These are lovely crisp chocolate chip cookies. They keep their crunch even after being stored for several days thanks to using cassava flour. They are the perfect nut-free cookie for kids lunchboxes. Cassava flour is a great option for healthy baking, if you haven't used it before, you can find out more information HERE in my ingredient menu (you will also find a discount for the JOYful Table followers from Three Spades Cassava Flour).
* Please click on the green icon next to the ingredients listed below for extra details and helpful information.
Preheat oven to 170c (fan-forced) and line 2 large baking trays with baking paper.
Sift the cassava flour, arrowroot, baking soda and salt into a large bowl. Stir to mix the dry ingredients.
Add the egg, sunflower butter, maple syrup and vanilla to a medium bowl and use an electric handheld beater on low to combine to a smooth consistency. Pour in the coconut oil and beat on medium speed to combine everything well.
Pour the wet ingredients into the flour mixture and stir well to combine everything together well. Add the chocolate chips and stir to distribute evenly through out the dough. The dough will be very soft, set aside for 2 minutes to thicken a little more before rolling.
Scoop out tablespoons of dough, and roll into balls approxiately the size of walnuts. The dough is very soft but it's not sticky and rolls well in your hands. Place on the trays leaving space for the cookies to spread when flatten. Flatten the cookies with your hand or use the flat base of a small glass to press down on the balls to make them as flat as shown in the photo above (they don't spread out much further when cooking).
Cook for 12 - 14 minutes until firm (don't over cook), allow the cookies to cool on the trays. They will crispen up further as they cool.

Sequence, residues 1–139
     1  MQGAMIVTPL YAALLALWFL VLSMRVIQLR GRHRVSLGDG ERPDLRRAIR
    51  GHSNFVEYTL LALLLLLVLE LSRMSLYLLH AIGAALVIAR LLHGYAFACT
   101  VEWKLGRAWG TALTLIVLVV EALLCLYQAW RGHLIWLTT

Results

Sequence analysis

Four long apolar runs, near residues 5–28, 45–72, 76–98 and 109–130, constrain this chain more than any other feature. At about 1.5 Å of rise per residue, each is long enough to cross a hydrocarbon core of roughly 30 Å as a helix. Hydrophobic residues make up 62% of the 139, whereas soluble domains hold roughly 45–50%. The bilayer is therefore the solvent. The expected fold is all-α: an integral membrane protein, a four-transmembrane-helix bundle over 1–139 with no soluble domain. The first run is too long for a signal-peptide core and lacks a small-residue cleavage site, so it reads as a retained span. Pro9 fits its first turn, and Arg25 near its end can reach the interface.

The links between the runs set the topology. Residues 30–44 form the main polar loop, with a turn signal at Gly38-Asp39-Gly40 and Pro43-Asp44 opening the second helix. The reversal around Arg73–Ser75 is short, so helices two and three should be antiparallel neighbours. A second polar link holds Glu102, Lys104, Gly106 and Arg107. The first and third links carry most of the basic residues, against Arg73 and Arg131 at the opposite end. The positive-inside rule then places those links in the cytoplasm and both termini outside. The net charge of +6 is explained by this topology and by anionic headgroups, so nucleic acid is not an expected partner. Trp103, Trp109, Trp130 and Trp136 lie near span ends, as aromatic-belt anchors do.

Store the cookies in an airtight container for up to 5 days or freeze for up to 3 months.
Cassava flour is also known as Yuca flour and has been a staple food around the world for centuries. Cassava is a vegetable and the whole tubular root is peeled, dried and ground down to create a flour (it's not the heavily processed tapioca flour/starch which is only the extracted starch). Cassava flour has a mild flavour, is off-white in colour and has the texture of wholemeal flour. One cup of all-purpose flour = 3/4 cup of cassava flour. I find it's a little like coconut flour in the way that it soaks up liquid and needs an extra egg for binding (all my recipes have been triple-tested). It has the ability to brown and produce a crust when used in baked goods, which often doesn't occur when using gluten-free flours. This paleo flour is free from grains, gluten, soy, nuts, additives and fillers. It's a perfect flour for those doing an autoimmune protocol diet, for nut-free baking, anyone with food allergies or intolerances. Cassava flour is very high in potassium and vitamin C, it also contains calcium, vitamin A, folate, magnesium, iron, plus resistant starch, which can improve gut health. The shelf-life of cassava flour is typically much longer than other flours. It can be kept for up to two years and possibly longer if stored in an airtight container in a cool, dark location. Purchase from health food stores or online.